Human Rights and Globalization
by Tony Addison
Economic Development underpins Democracy and Human Rights
Democracies have now replaced authoritarian regimes in many parts of the world. In the last two decades of the 20th century, 81 countries moved into democratic governance: 29 in sub-Saharan Africa, 23 in Europe, 14 in Latin America, 10 in Asia, and 5 in the Arab states (information from UNDP). Although new democracies are often fragile, this is a welcome trend both for human rights – freedom of expression and freedom to choose one’s government – and for economic development (authoritarian regimes in developing countries have a poor record in delivering improvements in living standards, especially in Africa). And democracy provides the political space in which to press forward on achieving equal rights for women and minorities.
However, for democracy to be sustained and deepened it is essential for economic development to occur. This is because democracies have a poor survival rate in low-income countries. When per capita incomes are low and falling, people resort to violence as a livelihood, states fracture, democratic principles are undermined, and gross violations of human rights occur. Moreover, lack of progress in development undermines popular support for democracy. A recent UNDP survey finds that only 43 per cent of Latin Americans fully support democracy, and more than 54 per cent of people polled said they would support an authoritarian government if it improved the economy. Given the gross human rights violations committed by past authoritarian governments in Latin America, this is a worrying trend.
In summary, economic development is crucial for underpinning democratization and thereby plays a vital role in supporting the expansion and consolidation of human rights and their protection.
Globalization, Economic Development and Human Rights
Unfortunately, the global economy is not working well for poor countries or for poor people. Despite the rapid and large increase in flows of trade, finance, and technology across the global economy – the three key elements of the globalization process – most poor countries have very limited access to the finance necessary for economic development. Foreign direct investment is highly concentrated on a narrow range of countries, and official aid flows have been stagnant and declining in recent years. Lack of finance limits the ability of many countries to invest to diversify their trade, access new technologies, and achieve poverty reduction. At the same time, poor countries face richcountry protectionism, particularly in key agricultural markets such as cotton and sugar. Progress on trade liberalization under the WTO’s auspices has stalled.
Despite success in the larger countries (notably India and China), the smaller countries remain highly vulnerable to world economic turbulence and many sub-Saharan African countries have per capita incomes below their levels at independence and are experiencing an alarming deterioration in their human development indicators (literacy, health etc.). Violent conflict has worsened their situation, and is itself an outcome of poor economic performance. As already noted, disappointing economic performance in Latin America is not conducive to democratization, and in North Africa and the Middle-East the failure to achieve economic development is encouraging elements in their very young (and disenchanted) populations to turn to terrorism. And economic distress at home is fuelling flows of people desperately seeking better lives in the rich world, and is encouraging human trafficking, particularly of women.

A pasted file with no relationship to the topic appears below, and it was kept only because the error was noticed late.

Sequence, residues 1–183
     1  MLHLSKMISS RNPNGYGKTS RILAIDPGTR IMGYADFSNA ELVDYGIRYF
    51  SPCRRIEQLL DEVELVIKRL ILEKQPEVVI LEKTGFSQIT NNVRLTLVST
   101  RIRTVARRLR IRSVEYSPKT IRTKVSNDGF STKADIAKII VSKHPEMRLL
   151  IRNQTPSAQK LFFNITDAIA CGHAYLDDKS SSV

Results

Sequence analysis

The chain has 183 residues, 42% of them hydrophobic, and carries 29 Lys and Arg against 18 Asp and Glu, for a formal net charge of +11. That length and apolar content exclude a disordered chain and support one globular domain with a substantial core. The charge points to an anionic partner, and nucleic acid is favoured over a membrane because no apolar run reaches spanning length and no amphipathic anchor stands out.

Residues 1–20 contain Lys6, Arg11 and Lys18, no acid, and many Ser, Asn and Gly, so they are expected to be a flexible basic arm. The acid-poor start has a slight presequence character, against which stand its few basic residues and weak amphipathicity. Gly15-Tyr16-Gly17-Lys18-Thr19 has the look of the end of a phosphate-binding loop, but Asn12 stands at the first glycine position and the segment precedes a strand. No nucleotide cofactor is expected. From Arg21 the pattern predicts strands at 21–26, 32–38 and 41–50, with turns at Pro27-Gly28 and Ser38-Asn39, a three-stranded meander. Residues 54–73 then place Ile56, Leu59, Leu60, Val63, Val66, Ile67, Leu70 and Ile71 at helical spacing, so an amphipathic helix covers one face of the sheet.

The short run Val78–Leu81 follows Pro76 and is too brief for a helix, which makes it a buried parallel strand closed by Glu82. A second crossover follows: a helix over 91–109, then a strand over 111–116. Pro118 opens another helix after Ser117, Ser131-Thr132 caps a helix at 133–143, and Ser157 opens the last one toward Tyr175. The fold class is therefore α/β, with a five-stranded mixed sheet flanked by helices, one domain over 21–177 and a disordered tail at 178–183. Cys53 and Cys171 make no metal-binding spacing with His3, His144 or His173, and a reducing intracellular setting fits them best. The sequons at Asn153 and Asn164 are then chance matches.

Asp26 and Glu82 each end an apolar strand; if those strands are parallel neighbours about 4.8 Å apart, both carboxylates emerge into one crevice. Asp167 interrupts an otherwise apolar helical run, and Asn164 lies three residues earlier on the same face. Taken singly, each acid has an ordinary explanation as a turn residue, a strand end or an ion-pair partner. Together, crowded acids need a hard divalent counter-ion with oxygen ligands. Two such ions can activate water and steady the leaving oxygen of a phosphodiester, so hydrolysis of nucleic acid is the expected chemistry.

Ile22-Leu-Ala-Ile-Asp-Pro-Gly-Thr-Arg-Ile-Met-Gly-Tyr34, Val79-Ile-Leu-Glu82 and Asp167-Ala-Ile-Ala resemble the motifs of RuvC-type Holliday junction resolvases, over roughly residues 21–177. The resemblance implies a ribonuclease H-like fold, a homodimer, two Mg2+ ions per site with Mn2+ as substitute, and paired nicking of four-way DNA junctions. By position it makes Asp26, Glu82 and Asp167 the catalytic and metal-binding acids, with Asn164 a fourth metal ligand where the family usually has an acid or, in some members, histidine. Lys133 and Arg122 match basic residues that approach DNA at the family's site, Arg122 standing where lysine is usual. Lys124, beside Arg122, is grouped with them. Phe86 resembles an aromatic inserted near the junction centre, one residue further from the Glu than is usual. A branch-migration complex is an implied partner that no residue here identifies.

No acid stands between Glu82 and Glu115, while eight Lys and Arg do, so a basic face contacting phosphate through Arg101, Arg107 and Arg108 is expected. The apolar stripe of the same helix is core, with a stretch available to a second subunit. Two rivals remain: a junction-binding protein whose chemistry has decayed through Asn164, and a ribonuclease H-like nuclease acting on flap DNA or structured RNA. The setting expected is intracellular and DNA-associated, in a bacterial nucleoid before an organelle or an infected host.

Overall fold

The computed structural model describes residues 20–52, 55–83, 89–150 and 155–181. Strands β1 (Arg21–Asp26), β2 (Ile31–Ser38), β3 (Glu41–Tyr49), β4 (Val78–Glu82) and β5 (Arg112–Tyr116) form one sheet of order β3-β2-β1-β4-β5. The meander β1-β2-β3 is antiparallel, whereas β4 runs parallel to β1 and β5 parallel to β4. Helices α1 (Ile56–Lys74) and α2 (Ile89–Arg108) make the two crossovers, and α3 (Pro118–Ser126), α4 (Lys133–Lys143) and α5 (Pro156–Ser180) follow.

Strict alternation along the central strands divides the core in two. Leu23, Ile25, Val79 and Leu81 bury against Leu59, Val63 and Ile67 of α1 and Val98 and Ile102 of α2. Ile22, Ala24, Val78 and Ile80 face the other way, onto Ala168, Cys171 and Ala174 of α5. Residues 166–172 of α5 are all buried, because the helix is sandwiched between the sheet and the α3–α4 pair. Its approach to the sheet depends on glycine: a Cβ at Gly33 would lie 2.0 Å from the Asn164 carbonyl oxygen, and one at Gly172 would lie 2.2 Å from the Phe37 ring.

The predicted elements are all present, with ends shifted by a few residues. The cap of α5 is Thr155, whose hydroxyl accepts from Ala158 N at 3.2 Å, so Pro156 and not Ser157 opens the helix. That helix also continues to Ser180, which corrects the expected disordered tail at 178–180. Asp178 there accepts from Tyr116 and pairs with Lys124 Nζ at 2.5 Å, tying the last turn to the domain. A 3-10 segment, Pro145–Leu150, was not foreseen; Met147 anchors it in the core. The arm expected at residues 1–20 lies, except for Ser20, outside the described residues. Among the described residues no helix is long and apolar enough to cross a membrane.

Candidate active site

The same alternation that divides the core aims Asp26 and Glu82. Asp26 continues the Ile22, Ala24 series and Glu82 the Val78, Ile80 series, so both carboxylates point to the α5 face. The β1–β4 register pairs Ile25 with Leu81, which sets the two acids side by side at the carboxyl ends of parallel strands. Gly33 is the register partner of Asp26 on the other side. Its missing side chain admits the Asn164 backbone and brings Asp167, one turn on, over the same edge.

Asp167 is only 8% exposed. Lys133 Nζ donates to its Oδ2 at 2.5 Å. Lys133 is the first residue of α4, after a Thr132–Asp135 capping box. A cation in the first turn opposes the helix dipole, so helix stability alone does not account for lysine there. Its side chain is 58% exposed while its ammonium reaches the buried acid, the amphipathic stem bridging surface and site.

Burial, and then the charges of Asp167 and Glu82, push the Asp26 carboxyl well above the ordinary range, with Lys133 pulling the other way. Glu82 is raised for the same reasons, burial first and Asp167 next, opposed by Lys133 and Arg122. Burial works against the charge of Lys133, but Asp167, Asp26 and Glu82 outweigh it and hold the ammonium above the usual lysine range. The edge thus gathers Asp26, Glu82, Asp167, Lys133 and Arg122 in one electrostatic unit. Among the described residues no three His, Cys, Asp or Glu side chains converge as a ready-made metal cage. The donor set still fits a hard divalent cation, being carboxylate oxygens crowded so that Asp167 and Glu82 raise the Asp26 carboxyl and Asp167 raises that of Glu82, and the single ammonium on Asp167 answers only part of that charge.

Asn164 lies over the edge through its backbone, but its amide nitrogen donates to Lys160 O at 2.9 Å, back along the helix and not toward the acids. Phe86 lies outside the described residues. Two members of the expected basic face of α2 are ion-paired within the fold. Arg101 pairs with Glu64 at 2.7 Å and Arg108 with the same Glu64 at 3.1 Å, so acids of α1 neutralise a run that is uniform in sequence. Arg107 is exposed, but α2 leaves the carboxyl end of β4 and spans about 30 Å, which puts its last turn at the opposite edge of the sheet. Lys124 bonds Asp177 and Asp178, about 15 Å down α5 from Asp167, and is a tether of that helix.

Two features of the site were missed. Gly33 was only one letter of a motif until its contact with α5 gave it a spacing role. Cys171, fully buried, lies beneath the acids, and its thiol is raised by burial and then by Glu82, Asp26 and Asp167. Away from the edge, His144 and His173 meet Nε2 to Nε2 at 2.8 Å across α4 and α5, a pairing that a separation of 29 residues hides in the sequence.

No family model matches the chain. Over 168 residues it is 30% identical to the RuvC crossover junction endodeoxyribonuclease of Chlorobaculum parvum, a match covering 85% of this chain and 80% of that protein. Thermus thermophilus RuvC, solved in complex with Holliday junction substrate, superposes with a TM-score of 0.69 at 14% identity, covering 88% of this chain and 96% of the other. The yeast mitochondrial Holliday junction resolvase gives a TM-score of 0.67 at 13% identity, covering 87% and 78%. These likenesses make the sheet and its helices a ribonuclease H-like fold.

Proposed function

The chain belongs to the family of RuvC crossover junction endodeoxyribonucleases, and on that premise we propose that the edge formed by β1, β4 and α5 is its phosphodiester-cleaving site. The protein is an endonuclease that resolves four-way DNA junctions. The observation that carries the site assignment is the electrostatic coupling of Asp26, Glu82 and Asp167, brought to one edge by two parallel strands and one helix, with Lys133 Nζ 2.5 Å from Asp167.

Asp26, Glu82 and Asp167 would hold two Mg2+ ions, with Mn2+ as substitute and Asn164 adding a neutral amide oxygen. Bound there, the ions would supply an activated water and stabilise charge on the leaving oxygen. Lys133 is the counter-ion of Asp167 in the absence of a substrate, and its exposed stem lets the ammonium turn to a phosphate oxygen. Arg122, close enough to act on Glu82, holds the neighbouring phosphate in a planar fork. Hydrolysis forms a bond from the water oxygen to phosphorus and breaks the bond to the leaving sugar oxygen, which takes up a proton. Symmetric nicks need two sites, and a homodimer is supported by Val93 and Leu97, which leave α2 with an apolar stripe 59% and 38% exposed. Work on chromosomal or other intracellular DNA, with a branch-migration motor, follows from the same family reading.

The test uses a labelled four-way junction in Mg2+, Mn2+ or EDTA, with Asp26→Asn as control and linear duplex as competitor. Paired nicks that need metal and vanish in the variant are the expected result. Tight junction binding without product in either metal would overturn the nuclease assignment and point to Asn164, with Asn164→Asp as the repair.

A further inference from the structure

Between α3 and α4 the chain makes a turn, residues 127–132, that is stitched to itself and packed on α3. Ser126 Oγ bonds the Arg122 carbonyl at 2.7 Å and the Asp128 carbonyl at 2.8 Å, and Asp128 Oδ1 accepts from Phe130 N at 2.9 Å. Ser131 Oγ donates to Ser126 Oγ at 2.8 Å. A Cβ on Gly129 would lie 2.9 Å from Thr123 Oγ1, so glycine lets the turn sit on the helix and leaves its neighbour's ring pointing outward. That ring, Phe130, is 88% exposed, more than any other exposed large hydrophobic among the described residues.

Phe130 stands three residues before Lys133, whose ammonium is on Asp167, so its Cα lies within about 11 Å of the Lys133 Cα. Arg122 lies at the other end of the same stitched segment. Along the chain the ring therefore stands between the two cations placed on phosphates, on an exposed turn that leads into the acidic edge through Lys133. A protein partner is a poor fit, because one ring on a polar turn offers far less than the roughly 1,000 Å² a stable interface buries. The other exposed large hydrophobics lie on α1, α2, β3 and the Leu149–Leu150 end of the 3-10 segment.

Progress in human rights will therefore stall unless the poorer and more vulnerable countries start to participate in the global economy in a meaningful way. What action must be taken? The rich world must move away from its present narrow perspective on trade and finance, which in many cases is driven by short-term national interests without due consideration to the longer-term, and more powerful, benefits arising from a well-functioning global economy that works for poor countries and poor people. These larger benefits apply to everyone, both rich and poor (for example, the reduction in violent conflict that will occur if economic development is secured, and the associated decrease in terrorism, forced migration, and asylum-seeking). Specifically, this means a greater willingness to foster the interests of poor countries in trade-negotiations, to expand the flow of official development finance (which works well in countries with the rule of law and good economic policy), to encourage flows of private capital to the poorer countries, and to take immediate action on global climate change and other environmental challenges.
In conclusion, the promotion of human rights cannot be seen in isolation from the wider economic situation of the developing world, since this provides the soil in which human rights will either flourish or wither. Today’s global economy offers unprecedented opportunities for accelerating the development of poor countries and poor people. But unless the developing world receives more help, darker forces will take control of their destinies, progress in human rights will be set back, and minorities will be amongst the first to suffer.
Tony Addison is Deputy Director, World Institute for Development Economics Research of the United Nations University. This article is based on evidence given to the Foreign Affairs Committee, Finnish Parliament, 27 April 2004.